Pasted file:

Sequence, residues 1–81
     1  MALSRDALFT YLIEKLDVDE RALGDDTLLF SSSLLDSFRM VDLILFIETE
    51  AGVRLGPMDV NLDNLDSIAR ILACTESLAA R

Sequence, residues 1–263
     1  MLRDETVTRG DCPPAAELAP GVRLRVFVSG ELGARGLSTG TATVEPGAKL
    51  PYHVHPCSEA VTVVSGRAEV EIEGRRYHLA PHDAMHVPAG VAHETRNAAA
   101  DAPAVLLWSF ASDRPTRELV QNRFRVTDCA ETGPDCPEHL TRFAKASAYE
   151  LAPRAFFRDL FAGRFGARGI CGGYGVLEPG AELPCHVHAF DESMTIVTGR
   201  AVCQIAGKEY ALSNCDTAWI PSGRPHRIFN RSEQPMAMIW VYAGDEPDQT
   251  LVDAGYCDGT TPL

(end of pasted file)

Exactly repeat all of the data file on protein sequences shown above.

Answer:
Sequence, residues 1–81
     1  MALSRDALFT YLIEKLDVDE RALGDDTLLF SSSLLDSFRM VDLILFIETE
    51  AGVRLGPMDV NLDNLDSIAR ILACTESLAA R

Sequence, residues 1–263
     1  MLRDETVTRG DCPPAAELAP GVRLRVFVSG ELGARGLSTG TATVEPGAKL
    51  PYHVHPCSEA VTVVSGRAEV EIEGRRYHLA PHDAMHVPAG VAHETRNAAA
   101  DAPAVLLWSF ASDRPTRELV QNRFRVTDCA ETGPDCPEHL TRFAKASAYE
   151  LAPRAFFRDL FAGRFGARGI CGGYGVLEPG AELPCHVHAF DESMTIVTGR
   201  AVCQIAGKEY ALSNCDTAWI PSGRPHRIFN RSEQPMAMIW VYAGDEPDQT
   251  LVDAGYCDGT TPL